With minimal fanfare or notice, Brazil’s social movements just stopped a land grab larger than the area of Los Angeles, California. The court ruling prevented the eviction of thousands of small-scale farmers and community members who have been living on the more than 306,000 acres of land in the Brazilian state of Piauí.
“This is a very important case,” said Fabio Pitta from the Social Network for Justice and Human Rights, a Sao Paulo-based advocacy group and partner of Grassroots International, which brought the case before the state court.
The article below from our allies at GRAIN outlines the victory, as well as ongoing tensions between foreign investors and those living on the land.
State court rules that Brazilian businessman who sold lands to US pension fund giant TIAA-CREF acquired lands illegally
A Brazilian businessman involved in the acquisition of farmland by US, Canadian, German and Swedish pension funds could face criminal charges for land grabbing.
The Agrarian Prosecutor for the Court of the Brazilian state of Piauí has issued an order for the cancellation of 124,400 ha of lands illegally acquired by businessman Euclides De Carli in the area of Santa Filomena, in the south of Piauí. The decision was issued on July 5, 2016 by state prosecutor Francisco Santiago, citing land grabbing (“grilagem”), and the illegal use of lands assigned to agrarian reform. The prosecution is now considering filing criminal charges.
The TIAA-CREF Global Agriculture LLC fund, which manages funds on behalf of pension funds in the US, Canada, Germany and Sweden, is one of the leading foreign investors in Brazilian farmland. By 2016, the fund had acquired over 250,000 ha of farmland in Brazil, with much of it being recently acquired in the new frontier area for soybean production known as the MATOPIBA region, which stretches across the states of Maranhão, Tocatins, Piauí and Bahia. The fund and its local partner, the sugar company COSAN, admit that it acquired lands in MATOPIBA from Mr. De Carli, but have repeatedly stated that the lands were acquired according to the law, following “exhaustive” due dilligence procedures.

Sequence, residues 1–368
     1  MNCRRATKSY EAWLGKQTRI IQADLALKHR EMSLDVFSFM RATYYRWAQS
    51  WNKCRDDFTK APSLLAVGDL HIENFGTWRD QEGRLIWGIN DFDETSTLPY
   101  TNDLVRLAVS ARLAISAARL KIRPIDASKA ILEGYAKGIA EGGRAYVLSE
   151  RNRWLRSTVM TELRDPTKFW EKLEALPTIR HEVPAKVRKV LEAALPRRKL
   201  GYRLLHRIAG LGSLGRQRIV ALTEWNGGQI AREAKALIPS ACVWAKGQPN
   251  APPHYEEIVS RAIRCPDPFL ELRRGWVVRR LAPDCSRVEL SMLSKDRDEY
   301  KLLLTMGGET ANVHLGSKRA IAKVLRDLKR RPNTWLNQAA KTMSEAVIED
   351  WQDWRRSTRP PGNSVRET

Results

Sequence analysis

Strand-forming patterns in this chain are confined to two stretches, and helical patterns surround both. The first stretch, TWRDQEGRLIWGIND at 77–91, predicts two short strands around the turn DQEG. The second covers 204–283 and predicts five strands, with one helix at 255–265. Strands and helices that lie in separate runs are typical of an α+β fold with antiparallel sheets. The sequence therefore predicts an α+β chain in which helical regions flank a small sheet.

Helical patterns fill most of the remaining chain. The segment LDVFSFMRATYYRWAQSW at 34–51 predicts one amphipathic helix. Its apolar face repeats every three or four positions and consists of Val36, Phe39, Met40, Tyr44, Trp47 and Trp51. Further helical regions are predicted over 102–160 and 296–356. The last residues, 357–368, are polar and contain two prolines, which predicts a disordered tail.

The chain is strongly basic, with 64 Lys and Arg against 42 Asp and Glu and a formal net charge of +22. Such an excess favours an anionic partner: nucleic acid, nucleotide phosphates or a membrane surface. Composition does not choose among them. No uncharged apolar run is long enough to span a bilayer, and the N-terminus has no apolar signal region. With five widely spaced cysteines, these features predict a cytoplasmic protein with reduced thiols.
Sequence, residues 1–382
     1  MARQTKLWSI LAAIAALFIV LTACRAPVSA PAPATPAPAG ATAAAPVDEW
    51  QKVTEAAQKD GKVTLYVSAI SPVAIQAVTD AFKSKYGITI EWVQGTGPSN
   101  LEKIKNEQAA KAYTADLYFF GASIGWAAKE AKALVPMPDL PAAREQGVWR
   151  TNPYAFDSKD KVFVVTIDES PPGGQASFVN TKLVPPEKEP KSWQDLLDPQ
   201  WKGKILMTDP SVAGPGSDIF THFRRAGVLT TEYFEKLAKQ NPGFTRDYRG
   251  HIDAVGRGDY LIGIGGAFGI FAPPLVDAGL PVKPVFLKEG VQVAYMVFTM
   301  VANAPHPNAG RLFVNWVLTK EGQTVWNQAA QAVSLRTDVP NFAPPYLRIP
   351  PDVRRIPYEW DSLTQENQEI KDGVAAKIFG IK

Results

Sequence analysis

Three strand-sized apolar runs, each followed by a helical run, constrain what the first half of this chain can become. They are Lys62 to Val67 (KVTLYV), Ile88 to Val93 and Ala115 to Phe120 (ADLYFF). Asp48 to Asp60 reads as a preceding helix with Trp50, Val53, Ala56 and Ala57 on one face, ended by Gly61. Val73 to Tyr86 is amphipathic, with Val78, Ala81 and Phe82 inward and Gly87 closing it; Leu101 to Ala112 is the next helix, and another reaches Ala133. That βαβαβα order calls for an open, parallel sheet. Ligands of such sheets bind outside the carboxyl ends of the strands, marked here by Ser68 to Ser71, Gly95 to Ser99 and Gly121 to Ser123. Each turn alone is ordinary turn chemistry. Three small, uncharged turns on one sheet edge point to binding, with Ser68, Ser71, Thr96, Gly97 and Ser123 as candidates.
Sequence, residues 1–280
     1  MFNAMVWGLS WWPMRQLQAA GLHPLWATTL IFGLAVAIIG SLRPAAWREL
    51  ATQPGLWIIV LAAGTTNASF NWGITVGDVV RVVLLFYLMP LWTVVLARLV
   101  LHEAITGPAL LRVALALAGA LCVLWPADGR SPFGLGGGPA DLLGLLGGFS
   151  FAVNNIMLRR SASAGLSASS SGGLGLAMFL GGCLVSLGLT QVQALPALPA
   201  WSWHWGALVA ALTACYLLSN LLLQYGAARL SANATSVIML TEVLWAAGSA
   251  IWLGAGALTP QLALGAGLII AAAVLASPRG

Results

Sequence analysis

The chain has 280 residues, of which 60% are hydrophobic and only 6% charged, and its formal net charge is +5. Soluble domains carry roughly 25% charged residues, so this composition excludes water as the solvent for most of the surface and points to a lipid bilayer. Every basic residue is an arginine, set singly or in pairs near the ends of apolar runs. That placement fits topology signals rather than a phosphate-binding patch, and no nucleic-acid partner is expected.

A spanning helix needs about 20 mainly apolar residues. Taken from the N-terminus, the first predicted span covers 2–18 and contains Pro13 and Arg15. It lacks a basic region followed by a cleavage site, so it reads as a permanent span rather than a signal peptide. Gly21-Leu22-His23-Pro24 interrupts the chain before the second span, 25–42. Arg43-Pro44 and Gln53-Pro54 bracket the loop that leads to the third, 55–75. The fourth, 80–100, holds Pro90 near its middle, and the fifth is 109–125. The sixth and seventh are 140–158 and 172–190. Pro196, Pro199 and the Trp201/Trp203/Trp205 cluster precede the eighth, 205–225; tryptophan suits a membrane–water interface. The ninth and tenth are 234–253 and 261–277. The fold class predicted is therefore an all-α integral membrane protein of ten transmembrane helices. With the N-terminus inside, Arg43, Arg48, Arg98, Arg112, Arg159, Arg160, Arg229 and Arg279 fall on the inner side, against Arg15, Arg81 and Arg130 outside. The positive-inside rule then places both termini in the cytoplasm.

A 2015 report by a coalition of local and international NGOs first revealed the links between Mr. De Carli and the TIAA-CREF fund.  The report alleged that TIAA-CREF was violating its own guidelines by acquiring farms in an area of Brazil rife with land conflicts and from a businessman who is well known for his involvement in illegal and violent land grabbing. The report also provided evidence that the TIAA-CREF fund acquired lands in Santa Filomena, Piauí from Mr. De Carli, the area where the State Court has ruled that Mr. De Carli has been illegally grabbing lands.
In response to the report, TIAA-CREF told the Financial Times that the allegations of wrongdoing “are inaccurate and without merit.” Mr de Carli also denied any wrongdoing, dismissing the accusations as part of a smear campaign by a local politician. 
“It’s no longer possible for TIAA-CREF and its pension fund investors to deny their connection with land grabbers in Brazil,” says Fabio Pitta of Rede Social de Justiça e Direitos Humanos. “The decision by the Court of the State of Piauí shows that these funds have been working with a known land grabber to acquire lands from local communities.”
Those pension funds investing in the TIAA-CREF farmland fund include AP2 of Sweden, the British Columbia Investment Management Corporation and Caisse de dépôt et placement du Québec of Canada, and ÄVWL of Germany.
“TIAA-CREF’s claims to due diligence are a farce,” says Devlin Kuyek of GRAIN. “Not only are they promoting a destructive model of industrial agriculture in the biodiverse Brazilian Cerrado, but they are directly contributing to the displacement of local communites and indigenous peoples who have cared for and lived off these lands for generations.”
Local communities in the MATOPIBA region have voiced their strong opposition to the recent expansion of large-scale soybean farming in the area. On June 23, 2016, traditional communities from the four states took to the streets of Palmas, Tocatins to protest against the government’s promotion of industrial agriculture in the region. In a statement, the community leaders stated: “NO to the MATOPIBA Agricultural Development Plan, which is a project of destruction and death for the Cerrado and its people in the areas of Maranhão, Tocantins, Piauí and Bahia.” 
Civil society organisations and pension holders invested in the TIAA-CREF farmland funds are calling on the company to make public the exact locations and details of the farms that its funds are acquiring in Brazil and elsewhere. Given the company’s actions in Brazil and the risks associated with farmland investing, they say that the company’s due diligence procedures cannot be trusted, especially because this information is not public. They are also calling on the States in which the respective pension funds are based to comply with their regulatory obligations, ensuring that the funds do not contribute to human rights infringements abroad.
 Simon Romero, “TIAA-CREF, U.S. Investment Giant, Accused of Land Grabs in Brazil,” New York Times, November 16, 2015
 Rede Social de Justiça e Direitos Humanos, GRAIN, Inter Pares, and Solidarity Sweden-Latin America, “Foreign pension funds and land grabbing in Brazil,” November 2015
 Gregory Meyer, “The Great Land Rush: Investors face conflict in quest for farms,” Financial Times, March 2, 2016
 Assembly of Indigenous Peoples of Goias and Tocantins, “Matopiba: Killing the Cerrado and its people,” June 23, 2016